|Discovered by M. Laugier|
MPC designation 2384 Schulhof
Discovered 2 March 1943
Discoverer Marguerite Laugier
Discovery site Nice Observatory
|Discovery date 2 March 1943|
Minor planet category main-belt · Eunomia
Asteroid family Eunomia family
Asteroid group Asteroid belt
|Named after Lipót Schulhof
Alternative names 1943 EC1 · 1943 GV 1960 FE · 1962 WL1 1970 RP · 1981 FF A909 BF
Similar Sun, 85 Io, 812 Adele, 258 Tyche, 1996 Adams
2384 Schulhof, provisional designation 1943 EC1, is a stony Eunomia asteroid from the middle region of the asteroid belt, approximately 12 kilometers in diameter. It was discovered on 2 March 1943, by French astronomer Marguerite Laugier at Nice Observatory in southeastern France.
The asteroid is a member of the Eunomia family, a large group of S-type asteroids and the most prominent family in the intermediate main-belt. It orbits the Sun at a distance of 2.3–2.9 AU once every 4 years and 3 months (1,541 days). Its orbit has an eccentricity of 0.12 and an inclination of 14° with respect to the ecliptic. As the first identification at Heidelberg Observatory from 1909 is not used, the asteroid's observation arc begins with its discovery in 1943.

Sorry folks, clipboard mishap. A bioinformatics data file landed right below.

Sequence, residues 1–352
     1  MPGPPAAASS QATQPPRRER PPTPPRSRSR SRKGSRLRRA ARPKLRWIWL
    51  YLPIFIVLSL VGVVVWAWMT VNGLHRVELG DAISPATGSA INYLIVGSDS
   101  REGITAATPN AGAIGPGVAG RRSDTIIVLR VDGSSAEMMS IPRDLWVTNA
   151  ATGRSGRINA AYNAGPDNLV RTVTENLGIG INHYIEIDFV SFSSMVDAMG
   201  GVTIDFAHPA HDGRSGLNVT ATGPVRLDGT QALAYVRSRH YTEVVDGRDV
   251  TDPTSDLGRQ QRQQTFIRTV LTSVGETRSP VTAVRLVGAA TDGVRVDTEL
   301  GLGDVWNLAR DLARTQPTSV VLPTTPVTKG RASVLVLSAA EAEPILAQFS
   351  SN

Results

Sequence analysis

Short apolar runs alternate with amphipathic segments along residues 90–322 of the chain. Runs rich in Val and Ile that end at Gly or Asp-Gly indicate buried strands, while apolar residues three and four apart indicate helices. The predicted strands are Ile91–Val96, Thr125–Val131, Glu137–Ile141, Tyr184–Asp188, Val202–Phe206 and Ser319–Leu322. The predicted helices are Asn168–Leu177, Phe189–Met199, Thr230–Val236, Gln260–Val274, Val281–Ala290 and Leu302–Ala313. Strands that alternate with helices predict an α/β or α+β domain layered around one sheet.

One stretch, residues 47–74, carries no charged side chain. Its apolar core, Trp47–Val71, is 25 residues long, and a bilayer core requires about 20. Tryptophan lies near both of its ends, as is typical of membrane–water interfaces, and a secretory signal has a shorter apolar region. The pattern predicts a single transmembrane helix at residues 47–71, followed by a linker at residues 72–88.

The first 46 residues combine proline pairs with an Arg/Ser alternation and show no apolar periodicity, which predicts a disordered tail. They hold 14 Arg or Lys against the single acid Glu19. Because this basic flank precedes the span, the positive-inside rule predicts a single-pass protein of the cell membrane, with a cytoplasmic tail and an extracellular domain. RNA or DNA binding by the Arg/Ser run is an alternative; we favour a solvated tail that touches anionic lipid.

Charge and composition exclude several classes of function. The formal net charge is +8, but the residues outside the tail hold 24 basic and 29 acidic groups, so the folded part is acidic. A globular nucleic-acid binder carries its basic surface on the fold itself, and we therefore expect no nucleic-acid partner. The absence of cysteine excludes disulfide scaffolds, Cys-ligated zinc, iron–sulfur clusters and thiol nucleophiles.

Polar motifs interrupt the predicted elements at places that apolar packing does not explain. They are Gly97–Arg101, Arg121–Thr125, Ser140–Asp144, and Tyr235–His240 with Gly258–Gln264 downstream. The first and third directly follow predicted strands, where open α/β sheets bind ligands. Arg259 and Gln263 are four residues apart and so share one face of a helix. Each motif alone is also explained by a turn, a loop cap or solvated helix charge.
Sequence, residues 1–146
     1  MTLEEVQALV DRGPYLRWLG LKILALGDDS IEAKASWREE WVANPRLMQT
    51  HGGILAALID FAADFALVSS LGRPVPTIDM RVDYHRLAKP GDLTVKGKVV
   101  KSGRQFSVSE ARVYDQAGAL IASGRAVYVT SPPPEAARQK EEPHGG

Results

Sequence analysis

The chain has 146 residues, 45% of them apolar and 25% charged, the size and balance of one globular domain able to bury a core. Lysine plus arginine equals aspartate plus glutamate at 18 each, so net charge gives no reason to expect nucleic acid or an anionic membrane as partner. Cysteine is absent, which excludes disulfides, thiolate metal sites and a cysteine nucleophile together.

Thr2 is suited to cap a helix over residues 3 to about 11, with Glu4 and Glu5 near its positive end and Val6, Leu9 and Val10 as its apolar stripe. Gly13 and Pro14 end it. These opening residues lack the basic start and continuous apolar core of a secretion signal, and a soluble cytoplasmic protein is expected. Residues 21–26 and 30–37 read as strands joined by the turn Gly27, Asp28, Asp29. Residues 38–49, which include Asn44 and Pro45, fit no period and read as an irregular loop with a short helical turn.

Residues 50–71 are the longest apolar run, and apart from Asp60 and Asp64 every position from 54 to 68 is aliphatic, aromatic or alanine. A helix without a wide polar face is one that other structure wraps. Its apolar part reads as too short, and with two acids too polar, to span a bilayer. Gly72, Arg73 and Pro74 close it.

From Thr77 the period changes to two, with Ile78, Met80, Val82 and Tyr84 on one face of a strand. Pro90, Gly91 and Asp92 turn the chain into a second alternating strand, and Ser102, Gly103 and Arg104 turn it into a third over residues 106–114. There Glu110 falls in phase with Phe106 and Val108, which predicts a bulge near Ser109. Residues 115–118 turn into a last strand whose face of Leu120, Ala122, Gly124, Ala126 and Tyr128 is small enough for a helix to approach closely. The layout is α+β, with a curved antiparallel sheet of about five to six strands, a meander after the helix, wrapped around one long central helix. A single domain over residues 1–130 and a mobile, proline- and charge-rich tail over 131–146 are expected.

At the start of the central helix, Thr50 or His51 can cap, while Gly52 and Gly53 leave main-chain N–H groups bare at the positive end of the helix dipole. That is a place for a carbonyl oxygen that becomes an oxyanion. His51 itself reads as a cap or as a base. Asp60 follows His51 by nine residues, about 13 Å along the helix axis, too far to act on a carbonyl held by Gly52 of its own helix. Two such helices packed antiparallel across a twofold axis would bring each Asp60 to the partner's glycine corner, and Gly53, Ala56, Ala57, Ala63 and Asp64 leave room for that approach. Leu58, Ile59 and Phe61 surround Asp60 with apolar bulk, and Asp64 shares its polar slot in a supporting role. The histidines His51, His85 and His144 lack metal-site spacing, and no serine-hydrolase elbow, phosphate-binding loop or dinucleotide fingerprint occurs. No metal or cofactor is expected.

In April 2002, a rotational light-curve was obtained from photometeric observations at the U.S. Oakley Observatory. It gave a well-defined rotation period of 7000329400000000000♠3.294±0.006 hours with a brightness variation of 0.43 in magnitude (U=3).
According to the survey carried out by the NEOWISE mission of NASA's Wide-field Infrared Survey Explorer, the asteroid measures 11.5 and 11.7 kilometers in diameter and its surface has an albedo of 0.27 and 0.28, respectively, while the Collaborative Asteroid Lightcurve Link assumes an albedo of 0.21 – derived form 15 Eunomia, the family's largest member and namesake – and calculates a diameter of 12.7 kilometers.
The minor planet was named in memory of Austrian–Hungarian astronomer Lipót Schulhof (1847–1921), observer of asteroids and comets, discoverer of the main-belt asteroid 147 Protogeneia, and awardee of the Lalande Prize. Naming citation was published on 17 February 1984, based on a suggestion by Brian G. Marsden (M.P.C. 8541).